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Damages: is it the court's role to punish people?

In the case of Marathon Asset Management LLP v Seddon, the trial judge stated that “punishment and deterrence are not purposes for which damages for civil wrongs can be awarded in English law”.

In this case, the claimant was one of three founders of a successful investment management business.  Following long-running disagreements between the three founders, one founder left the business and took with him a number of other employees to set up a competing fund management business.  The claimant subsequently discovered that these employees had taken confidential documents with them.

The claimant issued proceedings against the employees and sought substantial damages for the unlawful removal of the confidential documents claiming that these documents could cause serious and significant losses for the claimant.

The judge found that the defendants were indeed liable to the claimant for breach of their contractual and common law duties of confidence. However, the judge only awarded nominal damages to the claimant instead of the very substantial damages claimed by the claimant. The problem for the claimant was that its damages claim was calculated on the basis of hypothetical views of what the misuse of the confidential information could potentially cause.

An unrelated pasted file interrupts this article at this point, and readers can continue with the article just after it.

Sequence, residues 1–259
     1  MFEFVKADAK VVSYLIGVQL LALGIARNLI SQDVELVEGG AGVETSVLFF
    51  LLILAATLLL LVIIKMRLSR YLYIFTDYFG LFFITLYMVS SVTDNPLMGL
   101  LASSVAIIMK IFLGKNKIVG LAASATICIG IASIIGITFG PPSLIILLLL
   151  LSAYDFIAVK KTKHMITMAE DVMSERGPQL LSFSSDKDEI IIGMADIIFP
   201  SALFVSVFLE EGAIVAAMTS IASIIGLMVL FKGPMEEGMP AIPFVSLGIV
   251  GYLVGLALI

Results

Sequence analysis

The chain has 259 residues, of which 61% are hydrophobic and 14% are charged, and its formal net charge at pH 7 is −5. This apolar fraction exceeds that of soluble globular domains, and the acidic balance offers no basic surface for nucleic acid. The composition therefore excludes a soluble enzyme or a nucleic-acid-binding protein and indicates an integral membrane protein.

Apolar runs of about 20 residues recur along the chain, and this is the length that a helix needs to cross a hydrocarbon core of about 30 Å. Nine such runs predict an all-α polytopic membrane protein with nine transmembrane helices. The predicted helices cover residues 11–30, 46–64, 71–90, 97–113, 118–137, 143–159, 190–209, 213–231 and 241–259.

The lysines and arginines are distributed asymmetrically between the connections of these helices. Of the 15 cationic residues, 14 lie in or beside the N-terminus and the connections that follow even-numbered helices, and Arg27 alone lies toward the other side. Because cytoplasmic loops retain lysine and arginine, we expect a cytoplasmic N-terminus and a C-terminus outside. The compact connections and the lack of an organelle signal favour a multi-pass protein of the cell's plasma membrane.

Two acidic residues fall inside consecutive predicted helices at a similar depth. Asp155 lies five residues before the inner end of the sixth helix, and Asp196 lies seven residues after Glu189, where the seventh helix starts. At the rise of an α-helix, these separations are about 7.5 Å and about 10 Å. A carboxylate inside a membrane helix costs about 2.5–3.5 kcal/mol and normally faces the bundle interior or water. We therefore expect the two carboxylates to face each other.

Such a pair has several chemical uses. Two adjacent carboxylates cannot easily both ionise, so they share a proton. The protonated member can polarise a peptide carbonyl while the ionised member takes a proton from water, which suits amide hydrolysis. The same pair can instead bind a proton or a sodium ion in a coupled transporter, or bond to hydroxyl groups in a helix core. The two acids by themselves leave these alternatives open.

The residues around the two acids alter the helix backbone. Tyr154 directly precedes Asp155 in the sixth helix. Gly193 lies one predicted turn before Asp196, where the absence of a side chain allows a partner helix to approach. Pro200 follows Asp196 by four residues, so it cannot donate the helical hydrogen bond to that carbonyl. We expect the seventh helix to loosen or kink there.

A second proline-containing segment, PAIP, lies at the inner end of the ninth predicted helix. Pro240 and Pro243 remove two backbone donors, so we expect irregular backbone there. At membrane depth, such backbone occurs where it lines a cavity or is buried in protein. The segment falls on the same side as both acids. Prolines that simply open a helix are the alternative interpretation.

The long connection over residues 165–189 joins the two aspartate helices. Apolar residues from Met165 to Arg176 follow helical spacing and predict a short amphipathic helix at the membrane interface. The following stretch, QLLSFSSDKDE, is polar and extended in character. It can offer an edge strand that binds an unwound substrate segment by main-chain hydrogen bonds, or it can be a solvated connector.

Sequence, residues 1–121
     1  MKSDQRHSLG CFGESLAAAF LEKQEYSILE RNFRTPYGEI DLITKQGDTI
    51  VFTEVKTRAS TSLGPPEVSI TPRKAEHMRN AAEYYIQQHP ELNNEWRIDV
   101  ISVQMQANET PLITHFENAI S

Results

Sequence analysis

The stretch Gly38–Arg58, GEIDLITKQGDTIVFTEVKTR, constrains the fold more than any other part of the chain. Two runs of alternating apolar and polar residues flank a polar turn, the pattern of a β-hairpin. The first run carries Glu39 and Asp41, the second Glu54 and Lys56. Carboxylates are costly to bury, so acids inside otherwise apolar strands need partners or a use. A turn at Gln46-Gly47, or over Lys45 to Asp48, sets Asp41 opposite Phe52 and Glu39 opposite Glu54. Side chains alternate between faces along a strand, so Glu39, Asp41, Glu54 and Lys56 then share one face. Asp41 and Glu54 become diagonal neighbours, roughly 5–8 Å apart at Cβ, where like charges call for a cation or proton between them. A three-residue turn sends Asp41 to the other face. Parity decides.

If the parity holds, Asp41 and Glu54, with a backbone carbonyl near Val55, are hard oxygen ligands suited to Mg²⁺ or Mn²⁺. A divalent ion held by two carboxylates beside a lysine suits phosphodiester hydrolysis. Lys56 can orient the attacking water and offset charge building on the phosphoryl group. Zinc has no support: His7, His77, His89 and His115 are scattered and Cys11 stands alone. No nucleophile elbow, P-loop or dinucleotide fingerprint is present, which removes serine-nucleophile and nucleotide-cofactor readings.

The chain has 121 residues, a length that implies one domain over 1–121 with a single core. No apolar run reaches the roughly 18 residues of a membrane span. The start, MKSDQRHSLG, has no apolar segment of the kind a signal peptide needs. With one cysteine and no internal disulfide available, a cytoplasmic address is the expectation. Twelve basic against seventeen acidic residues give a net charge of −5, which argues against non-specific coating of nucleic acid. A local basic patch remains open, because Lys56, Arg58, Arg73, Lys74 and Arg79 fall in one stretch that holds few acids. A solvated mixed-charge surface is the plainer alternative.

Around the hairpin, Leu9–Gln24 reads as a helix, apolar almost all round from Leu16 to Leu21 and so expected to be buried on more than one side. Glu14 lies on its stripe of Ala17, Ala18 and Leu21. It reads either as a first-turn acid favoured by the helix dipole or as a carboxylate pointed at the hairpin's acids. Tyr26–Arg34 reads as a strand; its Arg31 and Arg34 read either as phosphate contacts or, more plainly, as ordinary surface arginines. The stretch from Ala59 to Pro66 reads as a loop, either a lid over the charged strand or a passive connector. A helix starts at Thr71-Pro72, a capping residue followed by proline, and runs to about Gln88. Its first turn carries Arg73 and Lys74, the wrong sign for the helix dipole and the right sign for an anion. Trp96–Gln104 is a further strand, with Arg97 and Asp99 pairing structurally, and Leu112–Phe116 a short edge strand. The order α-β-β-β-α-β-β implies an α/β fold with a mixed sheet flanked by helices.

The judge was not happy with this. He ruled that the unlawful removal of the confidential information by the defendants had not, in reality, caused the claimant to suffer any real loss. Nor had the misuse of this confidential information resulted in the defendants actually making any financial gain.

It is fair to say that the claimant was seeking punishment of the defendants in this case. Its damages claim, if granted, would have inflicted serious financial pain on the defendants. But the judge quite properly limited his analysis to the actual loss suffered by the claimant rather than expanding that analysis to the questions of deterrent and punishment.

It is important that claimants avoid relying upon hypothetical scenarios and that the quantification of a claim is based upon evidence. Evidence of what has been lost, and what will be lost. Trying to refer to hypothetical outcomes is going to result in short shrift from the court.